BJ Vanderwoude: I’m not too worried about McKinnon if the 49ers add another rookie to the mix. McKinnon’s contract locks in a strong enough workload, even if he doesn’t see 20+ touches per game. It’s his versatility in the passing game that matters in San Francisco. Stephen mentioned Carlos Hyde, whose 59 catches last year is McKinnon's floor as a pass catcher this year. The difference is McKinnon has the upside to blow through that number and finish as one of the top receivers among running backs.
Ultimately, McKinnon's value will come down to whether he can be effective running the ball 10-12 times per game. Shanahan has a history of maximizing talent at the running back position, putting McKinnon in a great position as the lead back for the 49ers.
Assuming the 49ers don’t add too much in the way of competition through the draft, how would you value McKinnon headed into next season?
Phil Alexander: I had zero issue drafting Carlos Hyde as my PPR RB1 in drafts where I started receiver-heavy last season due primarily to his association with Shanahan, and I feel exactly the same about McKinnon headed into this season.
BJ and Stephen mentioned Hyde's remarkable emergence as a pass-catcher under Shanahan. As a more polished receiver who excels in spaces, there is a realistic chance McKinnon finishes with 75 receptions or more.
It should also be noted all but five of Hyde's games last year came with either Brian Hoyer or C.J. Beathard behind center. Jimmy Garoppolo was the rising tide that lifted all boats when he took over in Week 13. Hyde scored a combined four rushing touchdowns in Garoppolo's five starts, which was the same total he rushed for in the season's previous 11 games. Given the fact San Francisco averaged nearly 29 points per game with Garoppolo, we can't discount McKinnon's mid-RB1 upside as the lead back in what may end up one of the league's better offenses.
Sigmund Bloom: Phil has the right idea. If Hyde -- a surprisingly good pass catcher and route runner under Shanahan -- can generate so much value in a 49ers offense that didn't benefit from Jimmy Garoppolo for more than half the season, then Shanahan's hand-picked back in free agency can generate even more value as a receiver.
McKinnon could approach low RB1 value and at least deliver what Christian McCaffrey did last year in terms of weekly and season-long floor/ceiling. In general, there is a lot of newfound value in the 49ers offense to harvest, and players like Pierre Garcon and George Kittle are also undervalued, that is unless Jimmy Garoppolo is grossly overvalued, which is possible.
Jason Wood: I’m compiling my initial set of projections for the season and see no reason McKinnon won’t be at least a mid-level RB2.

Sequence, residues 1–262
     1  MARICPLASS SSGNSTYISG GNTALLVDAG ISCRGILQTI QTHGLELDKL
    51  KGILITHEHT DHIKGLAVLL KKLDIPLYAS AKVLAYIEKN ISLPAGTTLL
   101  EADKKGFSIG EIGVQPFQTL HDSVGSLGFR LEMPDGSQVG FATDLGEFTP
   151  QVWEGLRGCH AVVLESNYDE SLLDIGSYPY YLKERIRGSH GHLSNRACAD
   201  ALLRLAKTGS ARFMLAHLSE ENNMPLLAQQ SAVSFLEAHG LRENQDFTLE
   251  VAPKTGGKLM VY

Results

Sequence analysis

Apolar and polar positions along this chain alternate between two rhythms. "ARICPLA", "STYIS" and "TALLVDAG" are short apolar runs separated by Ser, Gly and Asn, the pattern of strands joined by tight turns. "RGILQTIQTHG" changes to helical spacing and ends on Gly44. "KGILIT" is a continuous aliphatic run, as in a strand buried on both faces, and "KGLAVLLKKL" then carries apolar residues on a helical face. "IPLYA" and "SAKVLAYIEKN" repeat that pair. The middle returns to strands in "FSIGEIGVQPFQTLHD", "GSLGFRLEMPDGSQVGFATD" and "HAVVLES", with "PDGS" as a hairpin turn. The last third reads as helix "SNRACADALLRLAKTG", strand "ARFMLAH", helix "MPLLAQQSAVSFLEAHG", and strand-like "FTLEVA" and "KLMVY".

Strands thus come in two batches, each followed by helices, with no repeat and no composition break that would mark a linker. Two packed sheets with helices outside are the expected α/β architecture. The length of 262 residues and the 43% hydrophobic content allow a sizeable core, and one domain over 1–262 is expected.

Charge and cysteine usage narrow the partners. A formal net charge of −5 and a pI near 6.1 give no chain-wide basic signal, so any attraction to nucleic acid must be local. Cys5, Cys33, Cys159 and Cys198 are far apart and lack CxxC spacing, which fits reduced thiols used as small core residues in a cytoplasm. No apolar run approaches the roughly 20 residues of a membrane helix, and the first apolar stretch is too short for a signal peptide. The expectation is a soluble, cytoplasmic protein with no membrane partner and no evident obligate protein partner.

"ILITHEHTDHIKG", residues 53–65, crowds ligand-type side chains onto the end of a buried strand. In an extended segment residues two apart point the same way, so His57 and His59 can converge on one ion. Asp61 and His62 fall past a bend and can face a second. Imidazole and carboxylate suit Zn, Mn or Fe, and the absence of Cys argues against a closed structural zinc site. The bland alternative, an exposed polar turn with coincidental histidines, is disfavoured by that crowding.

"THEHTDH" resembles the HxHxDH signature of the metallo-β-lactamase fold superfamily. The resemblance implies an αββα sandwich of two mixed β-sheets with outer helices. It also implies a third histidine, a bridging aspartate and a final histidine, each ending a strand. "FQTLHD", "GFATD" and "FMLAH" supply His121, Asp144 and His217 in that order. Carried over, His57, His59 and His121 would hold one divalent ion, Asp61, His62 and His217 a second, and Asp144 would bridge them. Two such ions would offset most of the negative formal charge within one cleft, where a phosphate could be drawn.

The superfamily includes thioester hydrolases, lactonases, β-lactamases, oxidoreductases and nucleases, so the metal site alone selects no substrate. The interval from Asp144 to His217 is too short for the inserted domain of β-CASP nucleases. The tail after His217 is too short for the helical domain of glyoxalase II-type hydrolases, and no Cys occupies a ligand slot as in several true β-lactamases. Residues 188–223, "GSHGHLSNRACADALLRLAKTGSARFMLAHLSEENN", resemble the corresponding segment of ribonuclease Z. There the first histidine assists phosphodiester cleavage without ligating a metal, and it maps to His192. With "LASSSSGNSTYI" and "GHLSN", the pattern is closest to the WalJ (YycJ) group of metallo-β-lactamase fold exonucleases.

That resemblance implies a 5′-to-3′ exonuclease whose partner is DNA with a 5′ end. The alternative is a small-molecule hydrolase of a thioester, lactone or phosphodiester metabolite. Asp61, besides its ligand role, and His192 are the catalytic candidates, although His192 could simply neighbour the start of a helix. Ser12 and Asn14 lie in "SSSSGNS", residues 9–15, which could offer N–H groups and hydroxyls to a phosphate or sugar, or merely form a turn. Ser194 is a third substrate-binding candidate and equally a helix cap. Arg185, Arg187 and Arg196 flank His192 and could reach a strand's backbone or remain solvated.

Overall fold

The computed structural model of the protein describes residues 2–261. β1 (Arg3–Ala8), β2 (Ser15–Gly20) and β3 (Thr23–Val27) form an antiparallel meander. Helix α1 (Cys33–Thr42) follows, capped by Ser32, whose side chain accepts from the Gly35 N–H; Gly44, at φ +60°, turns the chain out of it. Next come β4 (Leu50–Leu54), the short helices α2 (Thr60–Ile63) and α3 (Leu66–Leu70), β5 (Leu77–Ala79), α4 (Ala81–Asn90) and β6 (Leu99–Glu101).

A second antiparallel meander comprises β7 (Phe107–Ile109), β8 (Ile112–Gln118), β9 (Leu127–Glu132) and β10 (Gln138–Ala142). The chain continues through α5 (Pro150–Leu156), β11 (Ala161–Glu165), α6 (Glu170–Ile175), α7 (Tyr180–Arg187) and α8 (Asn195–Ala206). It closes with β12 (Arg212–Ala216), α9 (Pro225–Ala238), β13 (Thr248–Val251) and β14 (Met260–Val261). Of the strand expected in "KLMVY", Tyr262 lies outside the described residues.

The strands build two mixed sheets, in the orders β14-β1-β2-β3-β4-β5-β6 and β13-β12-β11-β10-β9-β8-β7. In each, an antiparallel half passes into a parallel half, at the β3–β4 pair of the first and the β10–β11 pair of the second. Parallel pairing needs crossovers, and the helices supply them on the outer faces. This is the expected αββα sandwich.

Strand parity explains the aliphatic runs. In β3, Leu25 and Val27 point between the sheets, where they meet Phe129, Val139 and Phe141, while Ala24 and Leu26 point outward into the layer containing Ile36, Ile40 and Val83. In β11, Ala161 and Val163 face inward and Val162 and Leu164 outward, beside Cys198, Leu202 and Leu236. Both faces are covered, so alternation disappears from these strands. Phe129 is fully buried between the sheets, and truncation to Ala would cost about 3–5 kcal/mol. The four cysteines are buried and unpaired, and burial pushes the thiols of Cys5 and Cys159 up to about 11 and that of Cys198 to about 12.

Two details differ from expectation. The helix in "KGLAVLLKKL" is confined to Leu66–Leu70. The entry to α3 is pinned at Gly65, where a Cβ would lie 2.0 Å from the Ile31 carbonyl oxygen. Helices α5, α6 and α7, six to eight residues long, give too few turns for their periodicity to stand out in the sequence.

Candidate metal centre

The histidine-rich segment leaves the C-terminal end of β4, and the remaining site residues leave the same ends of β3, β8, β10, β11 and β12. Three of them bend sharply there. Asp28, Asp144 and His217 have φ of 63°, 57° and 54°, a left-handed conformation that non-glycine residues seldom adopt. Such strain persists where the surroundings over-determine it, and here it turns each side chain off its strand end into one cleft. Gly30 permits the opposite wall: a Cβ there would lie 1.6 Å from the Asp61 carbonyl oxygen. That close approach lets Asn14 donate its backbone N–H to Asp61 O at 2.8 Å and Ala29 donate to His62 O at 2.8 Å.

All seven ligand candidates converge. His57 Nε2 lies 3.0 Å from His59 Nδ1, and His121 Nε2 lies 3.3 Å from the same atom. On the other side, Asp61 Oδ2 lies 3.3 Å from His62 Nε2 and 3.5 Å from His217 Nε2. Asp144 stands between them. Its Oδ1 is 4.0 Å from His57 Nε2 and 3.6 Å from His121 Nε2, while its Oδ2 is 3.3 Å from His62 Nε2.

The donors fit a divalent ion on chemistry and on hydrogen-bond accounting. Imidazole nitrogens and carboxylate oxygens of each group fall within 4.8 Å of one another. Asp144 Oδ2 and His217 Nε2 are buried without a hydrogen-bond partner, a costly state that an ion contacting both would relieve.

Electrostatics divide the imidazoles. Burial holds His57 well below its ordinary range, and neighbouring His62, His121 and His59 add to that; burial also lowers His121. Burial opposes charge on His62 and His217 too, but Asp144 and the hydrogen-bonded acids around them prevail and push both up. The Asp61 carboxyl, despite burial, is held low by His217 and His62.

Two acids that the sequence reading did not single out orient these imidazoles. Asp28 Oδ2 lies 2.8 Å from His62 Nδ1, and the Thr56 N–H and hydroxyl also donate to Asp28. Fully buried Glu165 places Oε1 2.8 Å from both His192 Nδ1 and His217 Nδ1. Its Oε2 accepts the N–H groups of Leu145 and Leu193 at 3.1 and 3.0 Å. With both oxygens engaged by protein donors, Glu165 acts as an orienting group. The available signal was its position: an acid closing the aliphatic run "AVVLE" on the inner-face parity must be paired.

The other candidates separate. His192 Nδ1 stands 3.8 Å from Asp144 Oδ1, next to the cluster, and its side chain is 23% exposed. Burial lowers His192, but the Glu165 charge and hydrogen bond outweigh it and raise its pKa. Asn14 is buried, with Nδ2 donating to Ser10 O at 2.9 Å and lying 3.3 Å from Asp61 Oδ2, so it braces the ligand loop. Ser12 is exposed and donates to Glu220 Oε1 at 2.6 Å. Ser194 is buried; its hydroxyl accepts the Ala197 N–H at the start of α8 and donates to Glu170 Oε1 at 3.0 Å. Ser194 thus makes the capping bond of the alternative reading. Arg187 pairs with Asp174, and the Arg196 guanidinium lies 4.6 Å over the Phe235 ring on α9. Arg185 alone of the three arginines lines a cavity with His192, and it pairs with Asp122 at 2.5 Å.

Will Grant: He's easily a high RB2 choice with potential for RB1 numbers in PPR leagues.
Stephen Holloway: Hyde finished last season as the RB8 in PPR scoring last year. McKinnon -- who got more guaranteed money than Hyde in free agency -- should be able to finish in the same tier this season.
Daniel Simpkins: In redraft formats, I would now consider McKinnon in the late second round. In dynasty, his value has jumped to somewhere close to a late first round rookie pick.
Alessandro Miglio: He may not be a prototypical back, but McKinnon will land in the top-10 fantasy scorers among his peers next season if he can stay healthy.
Andy Hicks: As it stands right now, he looks like a solid RB2 with upside. To echo Jason, scheme and opportunity are everything. The 49ers plan to feature McKinnon as a receiver, which gives him an RB2 floor. His ceiling, however, will be predicated on his improvement as a rusher. With the Vikings, McKinnon was a complementary back who averaged only 3.5 yards per carry over the last two seasons. I’m not convinced he improves a great deal, but if he can take advantage of an offense that can scheme ahead of the NFL average, he could end up a star.
Dan Hindery: Kyle Shanahan’s offense with Jimmy Garoppolo at the helm could quickly emerge as one of the best in the league and McKinnon is well positioned to be the top back. He should be especially valuable in PPR leagues due to the realistic possibility he catches 65+ passes. If San Francisco doesn’t add a running back in the early rounds, McKinnon should be drafted as a top-10 running back in 2018 and is set up for a monster fantasy season.
From a dynasty perspective, Mckinnon’s value is tough to peg with any confidence due to the possibility the 49ers draft a talented running back. As such, he is a “sell high” candidate over the next month if another owner is convinced San Francisco is done adding to their backfield and values McKinnon as if he is locked into a heavy workload.
BJ Vanderwoude: McKinnon is a tough player to peg this season, as some will view him as a breakout candidate and others will see him as a value trap. I’m in agreement that he’ll have great value under Shanahan’s tutelage, and the 49ers offense is on the rise with Jimmy Garoppolo at the helm.
Phil mentioned McKinnon in the "Devonta Freeman role”. Freeman finished the last two seasons ranked as the RB6 and RB12, respectively, despite averaging only 16.5 total touches per game. If you can get McKinnon as your RB2 you've done very well, but I would not hesitate to grab him as my RB1 if I drafted wide receivers early.